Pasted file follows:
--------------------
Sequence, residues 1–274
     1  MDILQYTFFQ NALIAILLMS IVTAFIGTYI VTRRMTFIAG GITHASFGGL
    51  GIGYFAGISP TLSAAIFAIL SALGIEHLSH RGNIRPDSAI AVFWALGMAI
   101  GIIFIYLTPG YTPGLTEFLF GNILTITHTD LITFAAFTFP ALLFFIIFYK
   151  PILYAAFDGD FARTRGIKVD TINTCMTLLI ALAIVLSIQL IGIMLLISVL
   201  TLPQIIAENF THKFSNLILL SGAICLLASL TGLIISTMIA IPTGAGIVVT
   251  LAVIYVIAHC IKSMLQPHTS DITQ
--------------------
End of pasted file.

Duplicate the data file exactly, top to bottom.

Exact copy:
Sequence, residues 1–274
     1  MDILQYTFFQ NALIAILLMS IVTAFIGTYI VTRRMTFIAG GITHASFGGL
    51  GIGYFAGISP TLSAAIFAIL SALGIEHLSH RGNIRPDSAI AVFWALGMAI
   101  GIIFIYLTPG YTPGLTEFLF GNILTITHTD LITFAAFTFP ALLFFIIFYK
   151  PILYAAFDGD FARTRGIKVD TINTCMTLLI ALAIVLSIQL IGIMLLISVL
   201  TLPQIIAENF THKFSNLILL SGAICLLASL TGLIISTMIA IPTGAGIVVT
   251  LAVIYVIAHC IKSMLQPHTS DITQ